CHARLESTON, W.Va. -- After the Social Security Administration announced recipients will receive a 1.7 percent increase in their benefits next year, the state director of AARP said the way the cost-of-living adjustment is determined needs to be re-evaluated.
"We think even this modest increase is going to help," said Gaylene Miller. "But much of it is going to be consumed by health care and prescription costs."
Those costs aren't considered when determining the cost-of-living increase for Social Security, according to Miller.
"The kinds of thing they include ... aren't necessarily the kinds of things folks over the age of 65 are consuming on a regular basis. For example, the cost of prescription drugs is not included. The cost of utilities is not included," Miller said.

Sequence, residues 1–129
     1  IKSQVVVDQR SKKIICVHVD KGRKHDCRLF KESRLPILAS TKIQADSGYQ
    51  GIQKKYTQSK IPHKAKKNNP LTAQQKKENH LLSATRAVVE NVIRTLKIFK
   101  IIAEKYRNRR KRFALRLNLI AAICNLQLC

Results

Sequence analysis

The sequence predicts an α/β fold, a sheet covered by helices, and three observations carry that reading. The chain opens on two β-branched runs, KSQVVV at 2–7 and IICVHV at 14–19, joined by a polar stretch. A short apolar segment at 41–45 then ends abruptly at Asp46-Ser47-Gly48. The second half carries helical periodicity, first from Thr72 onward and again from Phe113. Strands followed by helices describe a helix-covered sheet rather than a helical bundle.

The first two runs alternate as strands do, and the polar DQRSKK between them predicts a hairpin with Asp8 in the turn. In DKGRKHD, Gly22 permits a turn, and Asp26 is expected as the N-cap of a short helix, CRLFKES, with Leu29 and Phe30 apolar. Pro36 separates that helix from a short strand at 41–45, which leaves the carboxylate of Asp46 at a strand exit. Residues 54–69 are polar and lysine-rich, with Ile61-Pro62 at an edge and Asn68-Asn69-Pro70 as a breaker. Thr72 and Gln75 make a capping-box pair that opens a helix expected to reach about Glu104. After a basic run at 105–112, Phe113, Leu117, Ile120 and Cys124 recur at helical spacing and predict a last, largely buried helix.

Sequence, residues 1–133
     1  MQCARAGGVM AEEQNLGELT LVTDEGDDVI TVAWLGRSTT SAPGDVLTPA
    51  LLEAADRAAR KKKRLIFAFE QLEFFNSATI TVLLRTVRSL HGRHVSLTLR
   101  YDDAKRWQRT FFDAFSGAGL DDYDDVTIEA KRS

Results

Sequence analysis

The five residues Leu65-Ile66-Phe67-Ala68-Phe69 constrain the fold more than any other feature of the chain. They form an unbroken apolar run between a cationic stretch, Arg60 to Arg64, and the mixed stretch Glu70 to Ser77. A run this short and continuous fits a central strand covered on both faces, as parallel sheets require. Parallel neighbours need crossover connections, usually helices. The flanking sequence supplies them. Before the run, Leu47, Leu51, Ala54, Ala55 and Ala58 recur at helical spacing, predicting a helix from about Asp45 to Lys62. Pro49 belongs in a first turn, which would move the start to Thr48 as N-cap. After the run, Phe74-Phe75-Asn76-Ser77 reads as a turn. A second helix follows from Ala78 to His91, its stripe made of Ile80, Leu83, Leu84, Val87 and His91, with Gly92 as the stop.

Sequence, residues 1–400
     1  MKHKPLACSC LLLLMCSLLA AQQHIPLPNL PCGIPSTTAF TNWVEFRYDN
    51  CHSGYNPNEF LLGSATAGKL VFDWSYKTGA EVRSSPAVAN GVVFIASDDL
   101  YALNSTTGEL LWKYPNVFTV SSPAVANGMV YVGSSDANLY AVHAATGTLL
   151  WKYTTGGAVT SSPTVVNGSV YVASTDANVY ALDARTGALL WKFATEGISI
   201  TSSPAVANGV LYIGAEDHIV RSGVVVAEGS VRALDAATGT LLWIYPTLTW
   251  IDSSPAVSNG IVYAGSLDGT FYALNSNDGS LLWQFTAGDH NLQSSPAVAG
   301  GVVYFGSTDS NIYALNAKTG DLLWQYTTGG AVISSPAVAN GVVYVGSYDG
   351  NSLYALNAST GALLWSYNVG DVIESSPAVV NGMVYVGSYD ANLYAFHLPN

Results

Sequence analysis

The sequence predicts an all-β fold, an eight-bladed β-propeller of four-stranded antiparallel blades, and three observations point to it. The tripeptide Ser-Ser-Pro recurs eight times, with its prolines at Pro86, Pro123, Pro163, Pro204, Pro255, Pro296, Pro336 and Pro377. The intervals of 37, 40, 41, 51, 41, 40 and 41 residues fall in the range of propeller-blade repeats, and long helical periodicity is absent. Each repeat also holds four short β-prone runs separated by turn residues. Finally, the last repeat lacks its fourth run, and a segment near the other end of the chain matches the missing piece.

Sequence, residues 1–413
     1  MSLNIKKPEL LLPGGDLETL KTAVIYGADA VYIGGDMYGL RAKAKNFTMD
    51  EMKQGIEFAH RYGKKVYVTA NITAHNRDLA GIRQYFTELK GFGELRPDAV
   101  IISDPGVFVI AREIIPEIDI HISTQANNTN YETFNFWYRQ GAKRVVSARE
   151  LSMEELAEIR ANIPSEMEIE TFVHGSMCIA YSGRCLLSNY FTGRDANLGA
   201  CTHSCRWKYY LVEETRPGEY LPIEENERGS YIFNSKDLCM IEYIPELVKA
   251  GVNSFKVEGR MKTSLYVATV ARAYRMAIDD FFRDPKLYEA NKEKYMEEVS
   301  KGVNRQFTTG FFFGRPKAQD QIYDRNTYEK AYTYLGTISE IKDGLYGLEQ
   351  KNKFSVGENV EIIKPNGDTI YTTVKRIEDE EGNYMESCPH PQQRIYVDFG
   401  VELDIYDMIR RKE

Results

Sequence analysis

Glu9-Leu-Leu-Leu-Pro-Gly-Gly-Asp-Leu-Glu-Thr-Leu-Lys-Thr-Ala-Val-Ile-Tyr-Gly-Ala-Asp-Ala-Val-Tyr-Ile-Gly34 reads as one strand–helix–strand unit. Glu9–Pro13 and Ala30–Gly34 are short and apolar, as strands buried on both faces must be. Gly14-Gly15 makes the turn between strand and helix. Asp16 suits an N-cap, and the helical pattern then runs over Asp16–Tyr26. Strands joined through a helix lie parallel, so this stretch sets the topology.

According to the Social Security Administration website, the cost-of-living adjustment is calculated by using part of the Consumer Price Index.
Including things like the price of food and gasoline when determining what would be an adequate increase would strengthen Social Security, according to Miller.
She said West Virginia has about 444,000 Social Security beneficiaries, and about one in four rely on those benefits for 90 percent of their income.
Social Security payments for retired workers average $1,237 a month, or about $14,800 a year. A 1.7 percent increase will amount to about $21 a month, or $252 a year, on average, according to The Associated Press.
Janie Hamilton, executive director of Kanawha Valley Senior Services, believes the increase will be spent before seniors even notice they've received it.